Back at local is lekker HQ here in Jozi, stocks as a collective added over a percent and a quarter. It was a rally that was pretty much broad based, unless you were in gold shares or the precious metal itself. Financials added over two percent, the afterglow of having staved off a ratings downgrade from at least one of the ratings agencies, at least for now. As Paul said, the political landscape is one thing, all these guys really care about is the ability to meet certain tax collection targets and to look to meet certain budgetary targets.

Of the majors, only three stocks were down, the solitary gold company inside of the ALSI 40, AngloGold Ashanti, Vodacom was the other (marginal) and lastly Capitec. Some rumblings there around investigations, question marks of any sort always equals sell first. At the other end of the scoreboard were FirstRand, Glencore, Sasol and BHP Billiton, which were all up over three percent plus. Of the majors, only Reinet and British American Tobacco were reaching new 12 month highs. The former on numbers out during the day, they looked decent enough at first take. A large magnitude of results came rushing at us, we will continue to deal with those as we go along.


Company Corner

Mediclinic reported numbers yesterday, for the first time as a UK listed entity. So what is important to note is that there is really no comparable currency of comparable business in the current format to measure against. A rights issue, the buying of Al Noor, reversing into the London listing and on top of it all, the confusion amongst retail investors of what their actual price is for the stock. We can deal with all of those briefly. Firstly, herewith a table with the “comparable” period from last year:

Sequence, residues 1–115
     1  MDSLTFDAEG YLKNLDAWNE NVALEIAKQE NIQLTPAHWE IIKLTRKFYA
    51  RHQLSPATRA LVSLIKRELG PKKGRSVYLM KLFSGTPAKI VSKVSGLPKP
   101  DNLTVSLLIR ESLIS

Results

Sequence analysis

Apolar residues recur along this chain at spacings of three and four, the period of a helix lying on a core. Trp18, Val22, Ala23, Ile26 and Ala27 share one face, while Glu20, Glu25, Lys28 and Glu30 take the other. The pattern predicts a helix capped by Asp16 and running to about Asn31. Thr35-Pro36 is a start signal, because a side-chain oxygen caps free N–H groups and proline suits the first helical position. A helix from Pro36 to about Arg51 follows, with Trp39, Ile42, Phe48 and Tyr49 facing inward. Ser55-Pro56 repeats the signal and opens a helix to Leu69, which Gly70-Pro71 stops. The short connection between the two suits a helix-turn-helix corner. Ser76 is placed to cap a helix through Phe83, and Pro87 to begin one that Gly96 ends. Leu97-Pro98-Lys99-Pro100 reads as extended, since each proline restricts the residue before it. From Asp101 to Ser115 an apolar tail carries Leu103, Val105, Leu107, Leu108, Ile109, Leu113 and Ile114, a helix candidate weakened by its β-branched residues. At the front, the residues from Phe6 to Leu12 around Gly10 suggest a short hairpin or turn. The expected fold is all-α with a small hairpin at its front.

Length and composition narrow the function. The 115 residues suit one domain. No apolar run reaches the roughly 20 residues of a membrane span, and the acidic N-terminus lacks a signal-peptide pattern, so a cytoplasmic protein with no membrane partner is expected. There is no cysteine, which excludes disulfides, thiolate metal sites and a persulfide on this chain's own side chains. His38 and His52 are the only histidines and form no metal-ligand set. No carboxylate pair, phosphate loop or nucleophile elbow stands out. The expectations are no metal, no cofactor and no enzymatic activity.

At face value, none of that looks particularly good now, it is important to note that the group continues to make progress in all their markets. Switzerland was pleasing, South Africa was decent, the UAE is going to benefit from cost savings across a larger beast, effectively doubled after the Al Noor reverse takeover. The reason why something is called a reverse takeover is normally when a much larger business uses a more favourable platform (in this case a London listing) in order to achieve a “take over”, when in theory, Al Noor integrated Mediclinic. That is now water under the bridge, as the company embarks on delivering a quality service. In the outlook segment Mediclinic says Notwithstanding the on-going changes in the global and regional economies and the regulatory changes that continue to impact healthcare and its affordability, we are continuing to see a strong demand for quality private healthcare services across our three operating platforms.